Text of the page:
Customs Tax importing a Uke to the States???

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Hippie Dribble

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hi everyone

Here's the story: I've just sold a ukulele to a man in New York valued at $1100. I am in Australia. When I asked him about US customs taxes on imported goods he went into a panic, saying he knew nothing about them. He is now balking at the sale and, I fear, may ask me to refund his money...

So my question is on both our behalves: what , roughly, would he be likely to have to pay on this imported uke valued at $1100.

Any help is very much appreciated. :confused:

Yours, concerned
eugene :uhoh:
 
H

Hippie Dribble

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I have just spoken with him again and he is contemplating cancelling the transaction if it is likely to be much over $50...

Heeeeeeeeelllllllllppppppppp...AAAAAARRRRRRGGGGGGHHHHHHH
 

Gmoney

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I have just spoken with him again and he is contemplating cancelling the transaction if it is likely to be much over $50...

Heeeeeeeeelllllllllppppppppp...AAAAAARRRRRRGGGGGGHHHHHHH

CRAZY! Gonna for-go a buy of that price because of an extra $50?
 
H

Hippie Dribble

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man, this has been a terribly stressful day for what should have been a smooth transaction. Thankyou guys and especially Dirk, cheers for that info. I appreciate all your contributions greatly, and I'm sure the buyer does to, whom I provided a direct link to this thread. Now, after endless to-ing and fro-ing, my blood pressure may start to return to normal! Sheesh... :eek:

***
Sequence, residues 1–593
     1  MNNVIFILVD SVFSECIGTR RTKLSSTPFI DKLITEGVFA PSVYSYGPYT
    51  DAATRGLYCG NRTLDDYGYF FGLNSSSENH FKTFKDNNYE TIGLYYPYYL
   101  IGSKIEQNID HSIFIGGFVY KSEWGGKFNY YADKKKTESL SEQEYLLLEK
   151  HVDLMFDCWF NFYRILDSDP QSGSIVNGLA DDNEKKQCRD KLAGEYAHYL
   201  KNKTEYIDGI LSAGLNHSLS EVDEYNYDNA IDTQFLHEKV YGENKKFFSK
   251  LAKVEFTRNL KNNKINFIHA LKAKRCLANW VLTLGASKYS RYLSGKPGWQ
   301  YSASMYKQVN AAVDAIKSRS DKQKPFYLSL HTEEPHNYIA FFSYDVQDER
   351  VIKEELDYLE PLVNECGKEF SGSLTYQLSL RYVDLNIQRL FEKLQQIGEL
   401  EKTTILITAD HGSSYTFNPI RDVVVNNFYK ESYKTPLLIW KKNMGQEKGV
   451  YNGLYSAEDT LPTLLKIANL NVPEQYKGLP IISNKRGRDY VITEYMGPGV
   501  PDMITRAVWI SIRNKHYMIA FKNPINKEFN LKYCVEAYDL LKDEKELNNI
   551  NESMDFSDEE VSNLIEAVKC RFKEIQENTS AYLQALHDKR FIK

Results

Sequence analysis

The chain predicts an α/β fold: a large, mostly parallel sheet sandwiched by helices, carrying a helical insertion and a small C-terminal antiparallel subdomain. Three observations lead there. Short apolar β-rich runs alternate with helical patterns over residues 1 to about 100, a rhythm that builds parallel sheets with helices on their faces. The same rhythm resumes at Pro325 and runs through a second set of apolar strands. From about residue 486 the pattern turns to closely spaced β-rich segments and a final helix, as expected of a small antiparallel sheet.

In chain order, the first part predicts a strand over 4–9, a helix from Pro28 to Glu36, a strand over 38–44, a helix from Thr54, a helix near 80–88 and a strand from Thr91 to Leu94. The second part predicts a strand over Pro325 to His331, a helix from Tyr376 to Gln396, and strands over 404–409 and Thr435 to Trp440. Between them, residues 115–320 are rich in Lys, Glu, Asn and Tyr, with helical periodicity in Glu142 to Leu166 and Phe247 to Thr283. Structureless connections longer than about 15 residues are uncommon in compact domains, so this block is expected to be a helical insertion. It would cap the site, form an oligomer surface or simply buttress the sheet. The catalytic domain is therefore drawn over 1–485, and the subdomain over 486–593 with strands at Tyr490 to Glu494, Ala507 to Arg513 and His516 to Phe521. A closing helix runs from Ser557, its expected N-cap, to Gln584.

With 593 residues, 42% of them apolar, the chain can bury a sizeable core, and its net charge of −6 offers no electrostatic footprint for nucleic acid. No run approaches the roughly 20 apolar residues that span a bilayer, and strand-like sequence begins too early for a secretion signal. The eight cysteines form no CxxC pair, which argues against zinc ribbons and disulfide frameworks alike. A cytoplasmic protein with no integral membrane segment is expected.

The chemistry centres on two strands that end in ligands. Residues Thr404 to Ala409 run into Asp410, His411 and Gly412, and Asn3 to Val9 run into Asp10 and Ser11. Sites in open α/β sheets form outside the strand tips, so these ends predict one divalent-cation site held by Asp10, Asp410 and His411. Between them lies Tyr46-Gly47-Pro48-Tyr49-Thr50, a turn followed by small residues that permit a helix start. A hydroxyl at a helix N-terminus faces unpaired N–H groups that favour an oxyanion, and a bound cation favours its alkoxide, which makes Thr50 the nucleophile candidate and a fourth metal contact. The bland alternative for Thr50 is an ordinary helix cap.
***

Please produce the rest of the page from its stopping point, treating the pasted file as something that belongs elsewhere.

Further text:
Lori

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It all depends of what country it is coming from, I guess. I received a ukulele from Italy and the delivery man required a check for around $27 for a $380 uke. That was a little higher than the estimate I got from the customs office over the phone. It was tricky getting all the info I needed, and at that time the online docs were a bit unclear, without much of a legend for explaining the charts. I think I had to call my local customs office to get more clarification. Make sure you use the proper customs code on the form when you send it, so it doesn't get classified into a different category.
–Lori
 

shrink9

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I'm wondering that if the uke originated in the US, whether there would be a customs charge anyway. I have imported instruments from Europe (violin from Britain, Whistle from Netherlands, etc) and the only one I had to pay customs on was the violin. I can't remember how much it was--I just remember that I was disappointed!!!!

Good luck Jon.
 

itsme

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Can't help, but I do know there is compliance with the CITES/Lacey Act and any imported articles may be held up or even denied because of certain protected woods or other components like ivory or abalone.
 

southcoastukes

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Can't help, but I do know there is compliance with the CITES/Lacey Act and any imported articles may be held up or even denied because of certain protected woods or other components like ivory or abalone.

Don't know what woods or materials are in Eugene's uke, but I can tell you from experience that the chances of that happening for a single item are almost nil. Some fellow in Customs would need to know how to identify wood - the guys who can do it wouldn't be called in for one ukulele.